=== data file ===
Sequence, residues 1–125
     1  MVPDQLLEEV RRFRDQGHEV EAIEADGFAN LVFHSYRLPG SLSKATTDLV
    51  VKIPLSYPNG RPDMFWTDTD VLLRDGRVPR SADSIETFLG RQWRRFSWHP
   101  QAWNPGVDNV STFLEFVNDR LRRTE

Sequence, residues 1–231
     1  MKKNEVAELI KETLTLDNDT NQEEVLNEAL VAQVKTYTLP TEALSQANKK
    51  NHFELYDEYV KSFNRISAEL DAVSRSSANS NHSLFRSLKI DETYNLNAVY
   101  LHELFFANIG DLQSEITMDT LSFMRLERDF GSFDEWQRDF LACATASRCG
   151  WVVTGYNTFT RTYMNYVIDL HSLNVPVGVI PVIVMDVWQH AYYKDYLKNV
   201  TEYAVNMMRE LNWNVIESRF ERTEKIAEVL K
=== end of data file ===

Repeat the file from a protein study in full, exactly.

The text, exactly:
Sequence, residues 1–125
     1  MVPDQLLEEV RRFRDQGHEV EAIEADGFAN LVFHSYRLPG SLSKATTDLV
    51  VKIPLSYPNG RPDMFWTDTD VLLRDGRVPR SADSIETFLG RQWRRFSWHP
   101  QAWNPGVDNV STFLEFVNDR LRRTE

Sequence, residues 1–231
     1  MKKNEVAELI KETLTLDNDT NQEEVLNEAL VAQVKTYTLP TEALSQANKK
    51  NHFELYDEYV KSFNRISAEL DAVSRSSANS NHSLFRSLKI DETYNLNAVY
   101  LHELFFANIG DLQSEITMDT LSFMRLERDF GSFDEWQRDF LACATASRCG
   151  WVVTGYNTFT RTYMNYVIDL HSLNVPVGVI PVIVMDVWQH AYYKDYLKNV
   201  TEYAVNMMRE LNWNVIESRF ERTEKIAEVL K